The Difference Between ‘getting better at coping’ and ‘growing out of Autism’

My daughter is now more than half way through her primary school years and in a few short years she will face the transition to high school. She has come so far since the day she was diagnosed with autism exactly a week before her fifth birthday.

She reads fluently.

She writes beautifully.

She has a friend.

She talks in long sentences and can have a full conversation with me.

She is ‘doing well’ at school.

She no longer flaps in public, hides under tables or cries when people look at her.

She’s growing, maturing and slowly getting independent. So much so that an acquaintance recently asked me if she still had autism.

I wasn’t sure wether I should laugh or cry.

For anyone who is in any doubt: autism is a life long condition. You don’t ‘grow out of autism’ but you can learn to adapt and cope better. It is the latter that my daughter is mastering.

She has realised that others laugh and mock you when you flap in the school dinner hall so she soon stopped doing it. That doesn’t mean she doesn’t want to or need to she just knows it’s not the acceptable thing to do.

She has learned social chit chat enough that when people she is familiar with make small talk she no longer comes across as confused or ignorant. We have spent years working through different social scenarios to help her learn coping strategies. We have spent months on the same social story until she could reply with a simple ‘I’m good thanks’ to the question ‘how are you?’ As long as conversations continue as she has practiced she appears to be a fluent communicator.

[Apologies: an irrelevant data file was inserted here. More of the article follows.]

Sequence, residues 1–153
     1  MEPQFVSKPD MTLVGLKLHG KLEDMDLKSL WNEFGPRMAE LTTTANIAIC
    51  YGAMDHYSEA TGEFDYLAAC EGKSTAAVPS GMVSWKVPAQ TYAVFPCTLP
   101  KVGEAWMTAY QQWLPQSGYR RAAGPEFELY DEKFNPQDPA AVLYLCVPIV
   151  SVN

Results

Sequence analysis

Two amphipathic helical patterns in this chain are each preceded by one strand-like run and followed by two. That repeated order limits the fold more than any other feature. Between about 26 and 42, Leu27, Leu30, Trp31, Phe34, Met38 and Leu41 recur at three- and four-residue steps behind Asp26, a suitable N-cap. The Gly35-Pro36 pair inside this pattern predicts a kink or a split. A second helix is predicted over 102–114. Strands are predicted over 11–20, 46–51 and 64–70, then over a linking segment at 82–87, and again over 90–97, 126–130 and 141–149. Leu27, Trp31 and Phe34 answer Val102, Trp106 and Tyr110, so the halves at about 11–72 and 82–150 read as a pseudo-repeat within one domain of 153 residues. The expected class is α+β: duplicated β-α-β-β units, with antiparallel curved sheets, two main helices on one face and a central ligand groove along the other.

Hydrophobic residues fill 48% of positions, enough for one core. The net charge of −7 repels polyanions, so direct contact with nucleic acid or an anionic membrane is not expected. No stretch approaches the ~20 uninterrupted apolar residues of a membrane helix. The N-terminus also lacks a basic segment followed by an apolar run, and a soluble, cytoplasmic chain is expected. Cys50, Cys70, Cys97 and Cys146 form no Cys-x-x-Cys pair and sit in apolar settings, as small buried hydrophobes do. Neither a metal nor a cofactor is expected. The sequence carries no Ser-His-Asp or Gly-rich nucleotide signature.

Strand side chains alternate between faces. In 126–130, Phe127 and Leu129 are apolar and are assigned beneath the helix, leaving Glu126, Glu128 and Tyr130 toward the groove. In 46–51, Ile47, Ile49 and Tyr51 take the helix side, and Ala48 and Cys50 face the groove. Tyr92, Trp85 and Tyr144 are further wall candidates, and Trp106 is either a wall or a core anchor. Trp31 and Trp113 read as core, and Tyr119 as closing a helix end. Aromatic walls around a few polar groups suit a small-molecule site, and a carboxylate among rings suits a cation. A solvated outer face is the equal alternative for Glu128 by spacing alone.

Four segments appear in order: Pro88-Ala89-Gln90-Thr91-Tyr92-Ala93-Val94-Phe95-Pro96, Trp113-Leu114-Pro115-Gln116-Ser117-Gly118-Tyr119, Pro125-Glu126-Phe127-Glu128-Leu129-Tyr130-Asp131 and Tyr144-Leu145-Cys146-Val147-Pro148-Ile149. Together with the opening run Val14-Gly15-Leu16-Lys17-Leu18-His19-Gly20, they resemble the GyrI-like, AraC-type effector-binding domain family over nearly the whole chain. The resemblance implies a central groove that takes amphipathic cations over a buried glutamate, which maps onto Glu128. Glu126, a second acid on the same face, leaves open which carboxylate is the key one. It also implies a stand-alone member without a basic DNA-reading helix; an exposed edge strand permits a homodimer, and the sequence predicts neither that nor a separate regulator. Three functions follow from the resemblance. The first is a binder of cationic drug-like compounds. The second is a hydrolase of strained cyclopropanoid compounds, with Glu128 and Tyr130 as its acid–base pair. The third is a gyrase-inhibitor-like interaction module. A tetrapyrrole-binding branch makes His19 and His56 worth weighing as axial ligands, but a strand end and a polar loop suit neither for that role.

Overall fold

She has learnt that not everyone loves to hear non stop information on the same subject. She has learnt that not everyone needs the same strict order of events as she does and that other children enjoy the change from routine even if she doesn’t. She understands what is expected of her and does her best to conform.

She hasn’t been cured of autism in any way, she has just learnt that to get by in life she needs to mimic non autistic people in order to survive.

As a society we are telling autistic people, wether we agree or not, that being non autistic is the best way to be. We start at a young age by placing as many autistic students, like my daughter, in mainstream school in the hope that other students will ‘bring them on’ and perhaps even ‘cure’ them. We may never actually say as much but we expect THEM to change and not the other way round. If a child is unable to hide their autism, mask their sensory issues, or cope with the demands of everyday school life we deem them a problem and educate them elsewhere like they have somehow failed.

My daughter has learnt to do what society expects of her. She mirrors her non autistic classmates in order to survive and so to onlookers it can easily be mistaken that she no longer has autism just because they can’t see her autistic traits any more.

You can not grow out of autism. It doesn’t happen. My daughter will one day be an autistic adult. She is proud of her autism. She knows she is autistic and she isn’t ashamed. Yet in school she could easily be mistaken as the same as her peers.

It’s called camouflage autism and it’s extremely common in school children and adults.

They can look, act and talk like non autistic people but that doesn’t change the fact they are autistic.